For five minutes, rabbit ears will pick up white noise as the region’s TV stations broadcast digital signals from the Sandias for the first time in preparation for the nationwide digital transition on Feb. 17.
Viewers who subscribe to cable or satellite services, or who have purchased a new digital TV or a digital converter box for their old TVs, won’t miss a minute of programming. The rest will get a taste of what’s coming in February: dead static (which will still probably top Santa’s Funniest Moments, hosted by Erik Estrada, on KUPT Channel 29).
In May, Nielsen Company rated the Albuquerque-Santa Fe media market as the 9th worst prepared for the transition. By October, the region’s ranking had actually worsened: Albuquerque-Santa Fe audiences are the 6th worst prepared of the nations top 56 media markets. Nearly 13 percent of households in the area are “completely unready” and 10 percent are “partially unready.”
The US Department of Commerce is responsible for dishing out $1.5 billion in $40 coupons for digital converter boxes. This means oversight of the transition will be one of the first responsibilities for Gov. Bill Richardson, who was tapped to head the agency by President-elect Barack Obama.
The New Mexico Media Literacy Project, which considers television access a human rights issue, says there isn’t one factor to explain why New Mexico is behind the curve for digital transition. However, consumers are inundated with conflicting information from the government, cable companies, satellite service providers, hardware manufacturers and retail stores.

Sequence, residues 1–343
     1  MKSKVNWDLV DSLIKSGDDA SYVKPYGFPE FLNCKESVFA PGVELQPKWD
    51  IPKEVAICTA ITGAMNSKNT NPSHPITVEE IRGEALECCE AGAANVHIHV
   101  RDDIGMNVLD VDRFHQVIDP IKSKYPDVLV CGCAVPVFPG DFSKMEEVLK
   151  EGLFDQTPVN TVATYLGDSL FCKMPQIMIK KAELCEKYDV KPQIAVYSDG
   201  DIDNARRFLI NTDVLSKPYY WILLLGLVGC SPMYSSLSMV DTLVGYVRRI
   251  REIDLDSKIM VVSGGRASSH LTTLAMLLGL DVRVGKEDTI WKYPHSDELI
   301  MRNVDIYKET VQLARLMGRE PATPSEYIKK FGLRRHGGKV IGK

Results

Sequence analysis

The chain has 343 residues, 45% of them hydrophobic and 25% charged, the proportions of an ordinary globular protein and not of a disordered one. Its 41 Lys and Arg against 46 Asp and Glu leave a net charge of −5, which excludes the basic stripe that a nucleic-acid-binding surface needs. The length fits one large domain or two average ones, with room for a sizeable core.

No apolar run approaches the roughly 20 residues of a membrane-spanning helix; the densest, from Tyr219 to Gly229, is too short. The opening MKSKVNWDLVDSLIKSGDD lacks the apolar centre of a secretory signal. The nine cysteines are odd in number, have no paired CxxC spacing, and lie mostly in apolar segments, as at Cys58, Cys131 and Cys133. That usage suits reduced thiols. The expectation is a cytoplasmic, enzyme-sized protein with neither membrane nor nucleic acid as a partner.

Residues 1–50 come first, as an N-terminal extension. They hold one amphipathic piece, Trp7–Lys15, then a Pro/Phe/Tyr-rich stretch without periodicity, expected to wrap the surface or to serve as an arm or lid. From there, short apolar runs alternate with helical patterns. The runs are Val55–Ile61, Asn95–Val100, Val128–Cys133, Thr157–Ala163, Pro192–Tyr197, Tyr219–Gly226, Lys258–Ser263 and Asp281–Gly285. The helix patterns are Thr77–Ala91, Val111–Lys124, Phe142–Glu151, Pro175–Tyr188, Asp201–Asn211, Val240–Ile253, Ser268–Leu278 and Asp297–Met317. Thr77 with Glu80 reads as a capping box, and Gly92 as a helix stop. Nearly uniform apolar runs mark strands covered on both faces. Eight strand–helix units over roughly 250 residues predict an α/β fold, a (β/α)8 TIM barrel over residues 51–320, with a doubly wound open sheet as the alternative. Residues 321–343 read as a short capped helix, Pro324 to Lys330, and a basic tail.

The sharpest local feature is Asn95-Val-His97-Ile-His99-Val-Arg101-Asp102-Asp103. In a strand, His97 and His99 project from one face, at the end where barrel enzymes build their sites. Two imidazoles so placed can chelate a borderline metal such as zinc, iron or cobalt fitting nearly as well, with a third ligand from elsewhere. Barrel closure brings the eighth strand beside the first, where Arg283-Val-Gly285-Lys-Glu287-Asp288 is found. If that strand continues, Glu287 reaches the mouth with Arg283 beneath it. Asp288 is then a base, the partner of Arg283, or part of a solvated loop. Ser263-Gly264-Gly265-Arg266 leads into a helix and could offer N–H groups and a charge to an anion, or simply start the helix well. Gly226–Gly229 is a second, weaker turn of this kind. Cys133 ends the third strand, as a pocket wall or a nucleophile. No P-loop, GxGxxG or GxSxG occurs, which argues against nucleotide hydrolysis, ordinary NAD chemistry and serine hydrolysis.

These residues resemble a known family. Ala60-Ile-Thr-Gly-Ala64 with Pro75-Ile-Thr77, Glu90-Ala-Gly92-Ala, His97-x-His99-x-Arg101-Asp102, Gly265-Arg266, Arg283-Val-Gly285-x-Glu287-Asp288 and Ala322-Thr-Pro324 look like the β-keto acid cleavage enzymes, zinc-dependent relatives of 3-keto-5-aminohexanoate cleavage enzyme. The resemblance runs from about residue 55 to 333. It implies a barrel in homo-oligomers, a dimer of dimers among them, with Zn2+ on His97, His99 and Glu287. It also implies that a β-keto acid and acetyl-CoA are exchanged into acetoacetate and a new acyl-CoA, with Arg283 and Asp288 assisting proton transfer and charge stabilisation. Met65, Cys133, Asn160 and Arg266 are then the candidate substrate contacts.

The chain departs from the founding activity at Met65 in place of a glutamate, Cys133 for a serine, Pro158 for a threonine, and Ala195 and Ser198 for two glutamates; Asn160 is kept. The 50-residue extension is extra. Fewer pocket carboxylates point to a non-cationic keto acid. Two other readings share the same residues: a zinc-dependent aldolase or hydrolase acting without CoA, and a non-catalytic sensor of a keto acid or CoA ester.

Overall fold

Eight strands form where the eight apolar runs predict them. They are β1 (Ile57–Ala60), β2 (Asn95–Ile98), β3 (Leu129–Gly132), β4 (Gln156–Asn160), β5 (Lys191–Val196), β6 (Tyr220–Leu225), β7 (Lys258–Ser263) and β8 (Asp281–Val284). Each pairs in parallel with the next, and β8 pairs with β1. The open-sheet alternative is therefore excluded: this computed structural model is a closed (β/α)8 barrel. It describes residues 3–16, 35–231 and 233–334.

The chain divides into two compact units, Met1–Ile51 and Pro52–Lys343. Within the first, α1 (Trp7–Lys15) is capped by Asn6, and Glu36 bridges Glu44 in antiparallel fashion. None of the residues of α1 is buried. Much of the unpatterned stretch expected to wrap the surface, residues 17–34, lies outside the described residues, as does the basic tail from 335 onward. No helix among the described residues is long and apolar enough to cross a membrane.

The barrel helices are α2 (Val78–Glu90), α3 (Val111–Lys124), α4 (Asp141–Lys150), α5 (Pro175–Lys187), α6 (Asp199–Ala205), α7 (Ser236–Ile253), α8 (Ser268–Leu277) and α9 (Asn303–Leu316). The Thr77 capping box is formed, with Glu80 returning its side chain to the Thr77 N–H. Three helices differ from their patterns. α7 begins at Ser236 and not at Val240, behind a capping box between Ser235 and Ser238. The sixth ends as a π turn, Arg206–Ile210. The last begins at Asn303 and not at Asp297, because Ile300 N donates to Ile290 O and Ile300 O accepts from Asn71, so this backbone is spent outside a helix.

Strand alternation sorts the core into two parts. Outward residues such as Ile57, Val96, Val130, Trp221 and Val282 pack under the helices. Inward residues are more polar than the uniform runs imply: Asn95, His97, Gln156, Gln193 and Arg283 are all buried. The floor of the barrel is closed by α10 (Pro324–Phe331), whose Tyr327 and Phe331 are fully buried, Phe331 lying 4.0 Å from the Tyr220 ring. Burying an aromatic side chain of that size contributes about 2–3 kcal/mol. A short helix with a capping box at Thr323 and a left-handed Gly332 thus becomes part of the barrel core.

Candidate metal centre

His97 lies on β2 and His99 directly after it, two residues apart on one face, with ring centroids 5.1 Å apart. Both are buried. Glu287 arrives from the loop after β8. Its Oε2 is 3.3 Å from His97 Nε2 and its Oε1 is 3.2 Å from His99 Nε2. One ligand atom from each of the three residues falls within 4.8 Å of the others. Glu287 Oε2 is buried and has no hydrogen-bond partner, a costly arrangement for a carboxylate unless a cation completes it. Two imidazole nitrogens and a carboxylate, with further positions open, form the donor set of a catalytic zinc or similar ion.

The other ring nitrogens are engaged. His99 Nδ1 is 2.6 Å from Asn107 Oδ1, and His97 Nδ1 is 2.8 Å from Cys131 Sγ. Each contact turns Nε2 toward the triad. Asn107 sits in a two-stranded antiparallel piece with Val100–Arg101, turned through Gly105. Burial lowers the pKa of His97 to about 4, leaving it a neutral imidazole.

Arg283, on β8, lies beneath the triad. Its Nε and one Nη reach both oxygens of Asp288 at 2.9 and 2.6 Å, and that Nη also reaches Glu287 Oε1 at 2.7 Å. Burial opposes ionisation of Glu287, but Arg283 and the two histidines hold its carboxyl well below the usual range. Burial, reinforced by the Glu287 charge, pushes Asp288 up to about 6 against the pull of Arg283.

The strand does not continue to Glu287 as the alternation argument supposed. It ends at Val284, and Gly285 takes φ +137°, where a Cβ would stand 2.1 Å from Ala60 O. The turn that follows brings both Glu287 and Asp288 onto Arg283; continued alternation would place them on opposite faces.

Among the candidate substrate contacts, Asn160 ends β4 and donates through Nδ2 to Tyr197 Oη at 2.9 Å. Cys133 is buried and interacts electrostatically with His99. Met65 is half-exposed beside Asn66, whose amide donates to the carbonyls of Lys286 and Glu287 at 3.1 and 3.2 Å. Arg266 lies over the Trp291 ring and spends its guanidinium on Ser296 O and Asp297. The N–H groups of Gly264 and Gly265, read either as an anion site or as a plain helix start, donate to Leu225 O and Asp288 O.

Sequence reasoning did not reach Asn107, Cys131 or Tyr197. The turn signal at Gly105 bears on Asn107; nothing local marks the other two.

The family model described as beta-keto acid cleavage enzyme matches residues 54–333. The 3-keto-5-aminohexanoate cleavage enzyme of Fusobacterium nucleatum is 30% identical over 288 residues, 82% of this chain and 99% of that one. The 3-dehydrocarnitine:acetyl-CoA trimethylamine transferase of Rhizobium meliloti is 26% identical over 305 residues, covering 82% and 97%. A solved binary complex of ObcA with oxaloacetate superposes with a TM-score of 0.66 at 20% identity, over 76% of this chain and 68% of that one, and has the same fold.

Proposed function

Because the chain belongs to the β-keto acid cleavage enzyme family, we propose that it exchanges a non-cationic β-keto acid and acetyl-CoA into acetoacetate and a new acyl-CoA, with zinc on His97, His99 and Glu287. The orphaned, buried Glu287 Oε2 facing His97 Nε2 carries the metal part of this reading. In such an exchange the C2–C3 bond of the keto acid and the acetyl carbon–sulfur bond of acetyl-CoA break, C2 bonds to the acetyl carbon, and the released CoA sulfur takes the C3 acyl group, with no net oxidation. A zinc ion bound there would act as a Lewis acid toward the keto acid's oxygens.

“When we look at the amount of money that has gone into how the government made their decision to do the outreach, I think there could have been smarter ways to do this,” NMMLP Executive Director Andrea Quijada says of the coupon program. “I think if everyone had just been sent a converter box with information, it would’ve been the easiest and cheapest way in the long run.”
Part of the problem in New Mexico is that areas that pick up signals from low-power stations and translators won’t switch until 2012.
“[For example], if you live in Taos or Española or Artesia or Alamogordo, you’re not going to be affected,” New Mexico Broadcasters Association President and CEO Paula Maes tells SFR. “Eventually you’ll need to get a box, but you don’t have to get one for Feb. 17.”
Perhaps Maes should tell that to the operators running the NMBA’s new digital conversion hotline (1-866-961-2487), who told SFR: “All states, no matter where you’re at, will have to switch over as of February.”
Quijada says, to be safe, consumers should put converter boxes that accept both analog signals as well as digital on their Xmas lists. (The NMBA hotline operator admitted she never heard of the “analog pass-through” feature.)
And they should buy them now: The $40 discount program ends in March and there’s no guarantee a second one will be initiated for 2012.
Richardson’s office declined to comment on whether he would pursue funding for New Mexico’s television needs.
“Well, I think they’re going to have to make some allowance for this part of the country,” Maes says.
NMMLP has more local information on digital transition at nmmlp.org/dtv/. NMBAA also has a Web site for New Mexico households at nmdtv.org.